â€œWeâ€™re only hoping for it to get bigger and better every year,â€ says Kathryn, site manager and coordinator for Cram Jam. This is the first year that the festival has required a ticket for entry and that it is open to the public and not just Kwantlen Students. â€œAn event of this magnitude takes a ton of planning and preparation. We have a number of staff working on it full-time who have been working on it for about six months,â€ she says.
At 7 p.m., in the beer garden, the atmosphere is buzzing with excitement.
“Who are you here to see tonight?”
â€œObviously, Daniel Wesley,â€ says 24-year-old Carry Bradford, who celebrated her birthday at Cram Jam.
As festival goers, mostly 20-somethings, help themselves to $5 pints of Granville Island Ale and raspberry Growers cider, the Cram Jam vibe is beginning to look up.
â€œWe just got here and weâ€™re having an amazing time,â€ says Sam Robertson, a 20-year-old student at Kwantlen Surrey Campus.
On stage, Will Currie & The Country French, an indie folk band from Waterloo, Ontario adds a different vibe to the evening. The band originally got together in a small room in the basement of the music faculty at Wilfrid Laurier University. Will Currie, lead vocalist and founder of the band, skillfully plays the piano on jazzy, uplifting tunes as drummer Aaron Mariash holds the beat during their set with a charming smile on his face throughout. The songs Surprising Me and Friendly Fire are crowd favorites and they sing along.
â€œItâ€™s the final day of our tour,â€ says Mariash with a sigh, as the band packs up outside the Agriplex. â€œThis tour with Sloan has definitely been the highlight of our time together as a band.â€
Inside, rock band Ten Second Epic puts on nothing less than an epic show, with more head-banging involved than at a Slipknot gig.
As Daniel Wesley finally makes his way onto the stage, nearly everyone in the crowd is swaying, smiling and singing along to his lyrics, lost in the moment. Fans seem to be mesmerized by his Sublime-meets-Jack-Johnson-esque sound. Sing Dance, his hit has the crowd screaming and firing up lighters and cell phones and waving them in the air.
And then it’s time for the final act of the evening.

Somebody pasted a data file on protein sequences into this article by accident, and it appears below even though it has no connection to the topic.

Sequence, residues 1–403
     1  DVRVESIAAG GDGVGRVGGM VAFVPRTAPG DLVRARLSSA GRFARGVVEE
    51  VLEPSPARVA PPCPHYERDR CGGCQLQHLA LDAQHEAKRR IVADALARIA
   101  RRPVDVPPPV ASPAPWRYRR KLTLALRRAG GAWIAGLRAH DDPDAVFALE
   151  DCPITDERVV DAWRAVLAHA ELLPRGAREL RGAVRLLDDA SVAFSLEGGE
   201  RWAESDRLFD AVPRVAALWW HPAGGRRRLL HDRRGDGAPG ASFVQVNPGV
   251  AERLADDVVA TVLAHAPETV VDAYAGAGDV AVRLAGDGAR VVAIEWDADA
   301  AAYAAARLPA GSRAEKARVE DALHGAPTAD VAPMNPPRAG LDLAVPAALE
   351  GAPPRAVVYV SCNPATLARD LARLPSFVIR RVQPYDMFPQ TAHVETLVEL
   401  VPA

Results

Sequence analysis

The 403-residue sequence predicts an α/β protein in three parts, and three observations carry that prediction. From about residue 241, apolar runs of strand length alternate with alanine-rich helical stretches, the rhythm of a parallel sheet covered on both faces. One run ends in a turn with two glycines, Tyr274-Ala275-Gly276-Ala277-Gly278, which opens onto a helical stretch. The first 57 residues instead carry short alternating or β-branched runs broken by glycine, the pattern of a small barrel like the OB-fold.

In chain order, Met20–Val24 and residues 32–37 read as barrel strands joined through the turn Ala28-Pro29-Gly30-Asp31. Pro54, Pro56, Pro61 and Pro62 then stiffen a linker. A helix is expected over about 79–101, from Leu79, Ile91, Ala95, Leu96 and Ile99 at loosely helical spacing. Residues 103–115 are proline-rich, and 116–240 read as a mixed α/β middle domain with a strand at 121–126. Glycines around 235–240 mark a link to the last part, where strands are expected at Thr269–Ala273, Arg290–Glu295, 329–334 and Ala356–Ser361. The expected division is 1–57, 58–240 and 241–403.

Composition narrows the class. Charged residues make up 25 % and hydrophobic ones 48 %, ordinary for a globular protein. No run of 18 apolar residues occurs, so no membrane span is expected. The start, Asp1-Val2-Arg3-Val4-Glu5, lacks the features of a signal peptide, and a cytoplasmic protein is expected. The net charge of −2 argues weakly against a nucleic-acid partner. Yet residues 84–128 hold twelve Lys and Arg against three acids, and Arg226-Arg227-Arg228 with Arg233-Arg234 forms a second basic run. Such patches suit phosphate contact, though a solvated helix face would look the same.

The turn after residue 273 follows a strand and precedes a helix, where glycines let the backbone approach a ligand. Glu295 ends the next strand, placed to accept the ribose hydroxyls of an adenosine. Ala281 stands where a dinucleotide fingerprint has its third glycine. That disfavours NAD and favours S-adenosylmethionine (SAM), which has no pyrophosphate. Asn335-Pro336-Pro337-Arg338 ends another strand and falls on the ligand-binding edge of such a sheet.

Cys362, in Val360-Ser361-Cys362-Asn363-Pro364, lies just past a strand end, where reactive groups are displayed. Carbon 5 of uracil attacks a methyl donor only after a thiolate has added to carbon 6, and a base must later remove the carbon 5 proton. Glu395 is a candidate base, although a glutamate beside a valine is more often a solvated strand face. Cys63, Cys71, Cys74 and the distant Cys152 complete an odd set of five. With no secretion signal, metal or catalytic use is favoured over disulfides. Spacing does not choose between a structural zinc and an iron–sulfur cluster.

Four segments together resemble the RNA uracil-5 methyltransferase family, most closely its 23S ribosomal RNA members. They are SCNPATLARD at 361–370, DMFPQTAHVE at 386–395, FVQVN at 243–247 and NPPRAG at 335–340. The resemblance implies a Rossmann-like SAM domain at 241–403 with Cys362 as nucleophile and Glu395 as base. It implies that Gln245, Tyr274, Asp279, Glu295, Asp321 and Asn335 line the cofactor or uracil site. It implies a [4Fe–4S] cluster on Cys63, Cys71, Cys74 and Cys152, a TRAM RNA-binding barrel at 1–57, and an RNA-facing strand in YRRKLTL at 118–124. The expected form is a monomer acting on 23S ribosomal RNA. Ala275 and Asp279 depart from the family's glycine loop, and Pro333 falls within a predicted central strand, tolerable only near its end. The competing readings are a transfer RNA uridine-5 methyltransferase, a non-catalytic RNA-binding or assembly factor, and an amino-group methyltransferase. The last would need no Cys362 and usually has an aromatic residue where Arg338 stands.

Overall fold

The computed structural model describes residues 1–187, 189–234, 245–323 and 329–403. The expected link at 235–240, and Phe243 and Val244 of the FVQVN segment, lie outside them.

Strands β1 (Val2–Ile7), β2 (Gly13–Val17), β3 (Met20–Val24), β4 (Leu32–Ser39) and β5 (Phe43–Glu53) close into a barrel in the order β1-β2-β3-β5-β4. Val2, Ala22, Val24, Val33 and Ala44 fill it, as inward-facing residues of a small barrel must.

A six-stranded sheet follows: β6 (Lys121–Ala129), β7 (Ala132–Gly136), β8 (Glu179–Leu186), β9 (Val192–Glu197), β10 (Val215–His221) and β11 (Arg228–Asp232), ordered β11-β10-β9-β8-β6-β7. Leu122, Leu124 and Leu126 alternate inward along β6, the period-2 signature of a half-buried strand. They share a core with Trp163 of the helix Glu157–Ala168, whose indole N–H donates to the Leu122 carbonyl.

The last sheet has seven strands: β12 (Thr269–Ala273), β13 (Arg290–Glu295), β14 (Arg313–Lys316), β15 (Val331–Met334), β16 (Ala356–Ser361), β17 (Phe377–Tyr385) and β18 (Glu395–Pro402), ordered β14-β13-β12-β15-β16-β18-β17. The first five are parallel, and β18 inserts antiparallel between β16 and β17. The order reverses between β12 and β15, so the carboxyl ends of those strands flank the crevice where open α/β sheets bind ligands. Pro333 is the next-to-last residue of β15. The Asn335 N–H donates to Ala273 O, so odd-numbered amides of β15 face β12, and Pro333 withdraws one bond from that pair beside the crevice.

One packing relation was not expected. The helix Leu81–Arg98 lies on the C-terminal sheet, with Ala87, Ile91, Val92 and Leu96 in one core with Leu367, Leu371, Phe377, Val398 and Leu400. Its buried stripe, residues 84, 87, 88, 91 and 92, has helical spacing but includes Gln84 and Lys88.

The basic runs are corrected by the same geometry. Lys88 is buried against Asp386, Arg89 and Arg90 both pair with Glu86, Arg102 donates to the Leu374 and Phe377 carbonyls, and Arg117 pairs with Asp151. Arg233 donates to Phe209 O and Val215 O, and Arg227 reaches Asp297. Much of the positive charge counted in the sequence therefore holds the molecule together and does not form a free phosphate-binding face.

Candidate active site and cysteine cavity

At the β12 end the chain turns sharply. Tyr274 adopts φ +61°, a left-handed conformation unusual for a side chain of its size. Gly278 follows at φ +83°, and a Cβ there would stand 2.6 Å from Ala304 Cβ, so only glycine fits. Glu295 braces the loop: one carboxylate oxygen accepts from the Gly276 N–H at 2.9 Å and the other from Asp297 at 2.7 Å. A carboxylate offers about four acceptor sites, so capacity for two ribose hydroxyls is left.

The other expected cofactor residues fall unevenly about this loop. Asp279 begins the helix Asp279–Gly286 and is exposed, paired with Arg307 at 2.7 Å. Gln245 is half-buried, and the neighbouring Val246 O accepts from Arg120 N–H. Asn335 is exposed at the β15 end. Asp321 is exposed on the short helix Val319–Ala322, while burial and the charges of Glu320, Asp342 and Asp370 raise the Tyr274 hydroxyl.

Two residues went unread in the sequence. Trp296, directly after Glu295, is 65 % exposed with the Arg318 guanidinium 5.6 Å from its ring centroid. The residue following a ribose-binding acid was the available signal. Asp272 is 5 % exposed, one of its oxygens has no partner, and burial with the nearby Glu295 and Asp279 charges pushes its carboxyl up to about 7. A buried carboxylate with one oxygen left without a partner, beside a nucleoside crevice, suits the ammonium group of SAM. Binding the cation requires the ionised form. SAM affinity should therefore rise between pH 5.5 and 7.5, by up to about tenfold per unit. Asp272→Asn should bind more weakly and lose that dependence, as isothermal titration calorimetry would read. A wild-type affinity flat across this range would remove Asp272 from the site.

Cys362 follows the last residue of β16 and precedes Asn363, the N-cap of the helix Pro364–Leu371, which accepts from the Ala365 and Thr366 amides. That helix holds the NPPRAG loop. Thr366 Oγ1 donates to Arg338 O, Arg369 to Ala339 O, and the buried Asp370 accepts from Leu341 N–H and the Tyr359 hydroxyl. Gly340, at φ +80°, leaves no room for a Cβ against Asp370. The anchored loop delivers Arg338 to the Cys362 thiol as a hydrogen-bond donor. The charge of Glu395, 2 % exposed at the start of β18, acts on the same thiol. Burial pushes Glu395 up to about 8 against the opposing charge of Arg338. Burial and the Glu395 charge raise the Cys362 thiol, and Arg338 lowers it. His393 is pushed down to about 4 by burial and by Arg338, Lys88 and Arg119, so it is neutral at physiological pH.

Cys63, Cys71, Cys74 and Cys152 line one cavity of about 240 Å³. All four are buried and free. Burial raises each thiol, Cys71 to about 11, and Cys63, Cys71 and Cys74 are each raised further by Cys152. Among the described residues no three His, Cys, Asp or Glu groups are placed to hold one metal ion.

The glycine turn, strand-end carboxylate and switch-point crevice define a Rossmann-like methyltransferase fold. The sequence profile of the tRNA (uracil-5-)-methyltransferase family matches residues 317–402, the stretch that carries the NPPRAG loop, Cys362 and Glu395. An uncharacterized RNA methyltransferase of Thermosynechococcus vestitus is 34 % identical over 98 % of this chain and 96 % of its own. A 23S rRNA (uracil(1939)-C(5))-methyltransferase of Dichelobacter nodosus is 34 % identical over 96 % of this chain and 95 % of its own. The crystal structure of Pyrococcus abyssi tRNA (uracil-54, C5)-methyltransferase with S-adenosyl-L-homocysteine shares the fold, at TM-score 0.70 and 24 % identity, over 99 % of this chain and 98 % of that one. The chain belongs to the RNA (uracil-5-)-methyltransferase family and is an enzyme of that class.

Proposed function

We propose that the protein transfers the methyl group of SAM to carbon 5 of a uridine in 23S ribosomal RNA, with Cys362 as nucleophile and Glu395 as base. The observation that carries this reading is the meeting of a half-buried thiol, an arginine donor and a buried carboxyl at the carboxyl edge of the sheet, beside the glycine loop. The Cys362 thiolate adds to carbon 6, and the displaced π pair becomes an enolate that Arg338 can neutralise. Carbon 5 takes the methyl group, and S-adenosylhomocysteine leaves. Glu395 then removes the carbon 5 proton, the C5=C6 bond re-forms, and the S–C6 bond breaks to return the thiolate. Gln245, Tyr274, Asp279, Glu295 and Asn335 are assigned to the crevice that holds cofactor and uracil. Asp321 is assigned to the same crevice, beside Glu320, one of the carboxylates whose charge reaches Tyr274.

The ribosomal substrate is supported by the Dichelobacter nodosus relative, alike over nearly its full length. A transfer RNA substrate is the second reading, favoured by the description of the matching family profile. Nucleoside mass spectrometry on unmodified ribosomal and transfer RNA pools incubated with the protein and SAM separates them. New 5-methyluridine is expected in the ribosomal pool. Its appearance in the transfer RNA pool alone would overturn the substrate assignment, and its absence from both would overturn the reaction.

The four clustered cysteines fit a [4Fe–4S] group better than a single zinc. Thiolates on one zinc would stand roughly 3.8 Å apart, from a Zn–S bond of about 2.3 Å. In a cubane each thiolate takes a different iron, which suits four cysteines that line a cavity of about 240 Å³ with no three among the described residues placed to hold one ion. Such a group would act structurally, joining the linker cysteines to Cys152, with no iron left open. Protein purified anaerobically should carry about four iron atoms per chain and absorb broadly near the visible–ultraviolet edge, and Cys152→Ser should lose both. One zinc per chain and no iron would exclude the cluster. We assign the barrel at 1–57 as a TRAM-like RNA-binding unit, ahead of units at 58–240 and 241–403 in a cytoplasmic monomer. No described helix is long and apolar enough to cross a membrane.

17 years after they started, Sloan has still got what it takes to wow an audience. Older members of the audience are singing their lyrics word-for-word, dominating the front of stage alongside the younger generation. The quartet closed off the evening leaving the crowd with exactly what they came for, if not more.
The music, for the most part, was brilliant. Cram Jam was filled with a blur of amazing acts and the sound was incredible. The venue was the only downfall, being far too large for the number of fans.
But it was definitely a music festival of sorts. Indie kids and rockers alike went home more than satisfied, with their heads filled with an abundance of abrasive rock tunes and alternative sounds.
Rockers Sloan, Daniel Wesley and Ten Second Epic will headline Cram Jam 3, the Kwantlen Student Associationâ€™s most ambitious entertainment event to date.
Cram Jam, which will run from 2-11 p.m. on Friday, Sept. 26 at Clovedaleâ€™s Agriplex, is an all-ages music festival. Along with the headliners, bands from throughout the Lower Mainland will perform.
One of those, The Fury, gave Richmond students a taste Tuesday when they performed as part of Welcome Week activities. While fans gathered to watch, not-so-excited teachers cancelled classes, and some area residents filed noise complaints.
â€œTheyâ€™re fabulous,â€ said Kwantlen student Minnie Huang. â€œI canâ€™t wait to see them at Cram Jam!â€ The band is made up of local musicians who met through Craigslist last winter and is preparing to release its first album this fall.
Other local bands that will perform at Cram Jam include Exit 200, featuring two Kwantlen students, and Tenant, featuring two Kwantlen alumni.
Tickets for Cram Jam 3 are $15 if purchased before Sept. 12 and $20 after that date. For more information and to purchase tickets go to www.cramjam.ca.